After his father died, Ivan's mother took in washing and ironing to support the large brood. To earn a little income for the family, a couple of Ivan's older brothers would go up town every morning to do whatever needed doing. One brother would clean out a farmer's chicken house for him; he'd get paid with a big container of milk that the cream had been skimmed off of; he'd bring that home and it would be milk for the children. "My mother would fix a meal," Ivan remembered, "and then she'd step back from the table while we ate. If there was anything left over when we were done, then she would eat."

"In those years we were probably the poorest people in Smith Center," Ivan said.

Their house was near the train tracks and there was a hydrant out in the yard. Hoboes got in the habit, when they got off the train, they'd come into the yard to drink from the hydrant. One day the big container of skim milk disappeared from the house. Ivan's older brother went marching off towards the Hobo Hotel farther west along the tracks, a circle of stones where the hoboes stayed when in Smith Center, where they sat and talked, cooked their meals, slept. Ivan went tagging along behind his brother. His brother marched right into the Hobo Hotel, he walked up to the jug of skim milk that was sitting there plain as sin, picked it up and headed towards home. None of the hoboes said a word. They knew they'd crossed the line. You don't take from poor people. You don't take from people what they can't afford to give.

About the time he was in the seventh grade, Ivan spent a lot of time in the Hobo Hotel with those men. "They were ordinary people looking for work," Ivan said. "In those days the train going west through town was carrying men looking for work to the west. The train going east would be carrying men looking for work to the east. I was never afraid. Those were hard times. Those were good men. A kid couldn't do that today."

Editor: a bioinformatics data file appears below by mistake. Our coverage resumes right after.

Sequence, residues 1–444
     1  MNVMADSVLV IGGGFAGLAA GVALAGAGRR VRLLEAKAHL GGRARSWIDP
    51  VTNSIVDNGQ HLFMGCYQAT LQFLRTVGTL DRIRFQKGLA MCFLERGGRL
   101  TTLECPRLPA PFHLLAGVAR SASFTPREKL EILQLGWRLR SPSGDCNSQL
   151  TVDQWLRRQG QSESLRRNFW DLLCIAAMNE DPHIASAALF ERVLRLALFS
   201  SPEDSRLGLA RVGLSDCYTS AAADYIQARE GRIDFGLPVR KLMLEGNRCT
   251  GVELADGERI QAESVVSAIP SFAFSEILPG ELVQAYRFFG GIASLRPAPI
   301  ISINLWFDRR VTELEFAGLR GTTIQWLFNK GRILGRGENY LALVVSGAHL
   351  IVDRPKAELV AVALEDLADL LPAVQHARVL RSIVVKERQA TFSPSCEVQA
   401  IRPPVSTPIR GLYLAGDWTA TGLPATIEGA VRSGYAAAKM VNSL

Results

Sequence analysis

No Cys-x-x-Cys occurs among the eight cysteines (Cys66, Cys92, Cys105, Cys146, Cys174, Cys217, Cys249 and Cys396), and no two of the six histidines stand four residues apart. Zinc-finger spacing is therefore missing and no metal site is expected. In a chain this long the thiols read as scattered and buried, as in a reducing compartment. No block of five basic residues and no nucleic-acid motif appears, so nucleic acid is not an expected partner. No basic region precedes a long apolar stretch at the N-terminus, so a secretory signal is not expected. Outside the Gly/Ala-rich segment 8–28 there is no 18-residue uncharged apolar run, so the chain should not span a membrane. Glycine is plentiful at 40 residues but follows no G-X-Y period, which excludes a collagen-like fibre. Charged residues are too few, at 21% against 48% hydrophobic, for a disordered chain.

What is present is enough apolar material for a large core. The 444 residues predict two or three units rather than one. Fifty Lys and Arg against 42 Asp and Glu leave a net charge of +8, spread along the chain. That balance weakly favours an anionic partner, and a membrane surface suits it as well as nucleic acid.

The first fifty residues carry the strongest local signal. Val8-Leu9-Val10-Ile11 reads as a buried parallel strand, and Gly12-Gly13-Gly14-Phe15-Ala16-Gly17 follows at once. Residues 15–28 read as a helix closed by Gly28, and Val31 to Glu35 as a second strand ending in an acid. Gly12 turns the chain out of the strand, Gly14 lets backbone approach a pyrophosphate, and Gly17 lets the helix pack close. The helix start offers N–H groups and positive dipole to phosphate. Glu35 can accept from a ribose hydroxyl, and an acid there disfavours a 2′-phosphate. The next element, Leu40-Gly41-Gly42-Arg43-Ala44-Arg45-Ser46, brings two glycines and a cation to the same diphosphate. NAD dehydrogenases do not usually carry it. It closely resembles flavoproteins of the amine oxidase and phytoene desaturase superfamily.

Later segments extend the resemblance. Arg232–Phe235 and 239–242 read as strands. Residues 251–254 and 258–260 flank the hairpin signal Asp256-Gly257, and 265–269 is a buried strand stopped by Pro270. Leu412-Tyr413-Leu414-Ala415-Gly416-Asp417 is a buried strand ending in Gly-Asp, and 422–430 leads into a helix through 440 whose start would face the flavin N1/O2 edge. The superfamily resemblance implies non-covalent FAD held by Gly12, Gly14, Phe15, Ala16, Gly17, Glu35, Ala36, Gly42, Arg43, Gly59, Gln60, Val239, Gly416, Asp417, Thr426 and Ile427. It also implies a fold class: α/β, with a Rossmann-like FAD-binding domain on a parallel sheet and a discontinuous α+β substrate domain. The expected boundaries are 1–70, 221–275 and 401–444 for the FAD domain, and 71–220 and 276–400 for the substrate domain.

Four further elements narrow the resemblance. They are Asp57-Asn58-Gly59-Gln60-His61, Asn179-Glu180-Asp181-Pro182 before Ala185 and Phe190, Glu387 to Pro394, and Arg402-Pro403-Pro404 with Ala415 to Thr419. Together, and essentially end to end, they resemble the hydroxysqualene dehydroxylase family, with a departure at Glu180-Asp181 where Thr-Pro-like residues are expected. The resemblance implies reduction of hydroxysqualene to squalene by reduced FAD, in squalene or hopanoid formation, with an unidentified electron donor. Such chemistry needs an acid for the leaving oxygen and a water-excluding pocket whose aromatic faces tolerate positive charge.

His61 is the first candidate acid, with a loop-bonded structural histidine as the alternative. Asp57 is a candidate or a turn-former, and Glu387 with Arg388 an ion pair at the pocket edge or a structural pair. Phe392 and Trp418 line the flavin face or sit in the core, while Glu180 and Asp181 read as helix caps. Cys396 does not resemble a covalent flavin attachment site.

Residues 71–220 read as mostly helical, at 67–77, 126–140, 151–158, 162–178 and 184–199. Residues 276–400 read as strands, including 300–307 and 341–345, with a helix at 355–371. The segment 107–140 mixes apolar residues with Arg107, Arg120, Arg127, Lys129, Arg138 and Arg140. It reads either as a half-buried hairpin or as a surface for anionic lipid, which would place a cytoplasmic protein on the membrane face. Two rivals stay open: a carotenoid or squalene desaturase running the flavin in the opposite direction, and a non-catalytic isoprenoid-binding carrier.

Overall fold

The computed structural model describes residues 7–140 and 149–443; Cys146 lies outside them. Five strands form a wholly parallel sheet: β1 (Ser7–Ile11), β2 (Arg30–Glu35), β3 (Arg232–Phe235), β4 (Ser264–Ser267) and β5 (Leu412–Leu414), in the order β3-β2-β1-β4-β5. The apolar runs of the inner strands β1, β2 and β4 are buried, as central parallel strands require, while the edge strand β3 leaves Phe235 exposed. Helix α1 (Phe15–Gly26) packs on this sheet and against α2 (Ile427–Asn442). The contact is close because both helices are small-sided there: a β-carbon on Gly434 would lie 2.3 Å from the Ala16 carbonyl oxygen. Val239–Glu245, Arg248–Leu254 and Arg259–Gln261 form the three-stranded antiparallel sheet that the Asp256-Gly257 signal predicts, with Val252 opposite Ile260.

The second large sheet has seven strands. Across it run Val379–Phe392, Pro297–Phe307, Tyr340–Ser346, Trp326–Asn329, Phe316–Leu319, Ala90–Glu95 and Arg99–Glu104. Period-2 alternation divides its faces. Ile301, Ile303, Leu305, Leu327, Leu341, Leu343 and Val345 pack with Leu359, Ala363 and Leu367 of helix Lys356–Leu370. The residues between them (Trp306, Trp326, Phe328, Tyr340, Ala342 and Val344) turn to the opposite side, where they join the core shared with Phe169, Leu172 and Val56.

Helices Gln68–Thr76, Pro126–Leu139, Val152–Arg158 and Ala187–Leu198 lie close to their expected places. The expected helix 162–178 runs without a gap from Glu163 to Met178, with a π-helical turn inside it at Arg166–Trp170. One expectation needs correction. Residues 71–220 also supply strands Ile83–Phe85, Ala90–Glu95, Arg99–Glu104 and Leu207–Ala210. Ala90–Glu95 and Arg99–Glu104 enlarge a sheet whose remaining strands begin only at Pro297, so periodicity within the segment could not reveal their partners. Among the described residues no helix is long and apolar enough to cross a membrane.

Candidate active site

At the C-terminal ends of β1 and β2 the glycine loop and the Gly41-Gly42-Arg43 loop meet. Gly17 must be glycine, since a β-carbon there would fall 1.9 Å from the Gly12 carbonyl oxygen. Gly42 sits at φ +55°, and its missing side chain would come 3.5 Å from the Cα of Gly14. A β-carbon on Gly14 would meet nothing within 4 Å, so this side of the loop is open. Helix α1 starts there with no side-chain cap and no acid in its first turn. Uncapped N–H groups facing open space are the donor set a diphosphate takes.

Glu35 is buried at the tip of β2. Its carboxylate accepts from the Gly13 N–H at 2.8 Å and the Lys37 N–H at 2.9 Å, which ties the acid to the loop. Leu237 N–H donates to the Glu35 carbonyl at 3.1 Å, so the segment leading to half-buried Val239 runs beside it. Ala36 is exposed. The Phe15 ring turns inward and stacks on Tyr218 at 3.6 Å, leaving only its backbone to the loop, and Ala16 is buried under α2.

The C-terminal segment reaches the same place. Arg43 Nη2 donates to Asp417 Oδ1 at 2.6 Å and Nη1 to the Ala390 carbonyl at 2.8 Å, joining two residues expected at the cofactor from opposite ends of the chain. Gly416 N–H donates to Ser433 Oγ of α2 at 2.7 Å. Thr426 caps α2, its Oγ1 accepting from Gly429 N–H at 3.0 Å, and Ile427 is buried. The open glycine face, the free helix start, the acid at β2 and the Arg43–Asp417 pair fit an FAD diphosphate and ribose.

"I sat with them all one evening," Ivan remembered. "When I got up to go, one of the fellows said, 'Kid, come here.' He said, 'Kid, if you are ever riding the rails and pass through Denver, help them fill the refrigerated cars with ice. It's hard work, kid, but when you get done they'll buy you the biggest breakfast you've ever had.' That fellow didn't have anything, but he gave me the best thing he had. He gave me everything he could."

At the end of the Vagabond presentation, one of the fellows in the audience asked how I could see red-tailed hawks everywhere. He was teasing me. Obviously he had read Curlew:Home, in which the red-tailed hawk becomes something of a poet's icon and an omen of good fortune; the birds grace the book with their surprising frequency. And he had noticed.

"When my wife and I are traveling," the fellow said, "one of us will say 'There's a red-tailed hawk.' The other one will know what we're talking about."

Yeah, they'd be talking about me.

I stopped briefly after that to see my friend and grade school classmate (and the one who provides room and board when I'm in Emmetsburg - puts me up and puts up with me), Sally Jordan. Sally was putting her plants back out on the patio. She had put them out once before, but had to bring them back in the house when temperatures were forecast to get below freezing. We talked, and I had some ice tea, but I couldn't stay long. I had a long drive home ahead of me, almost seven hours.


April 20, 2004, cont'd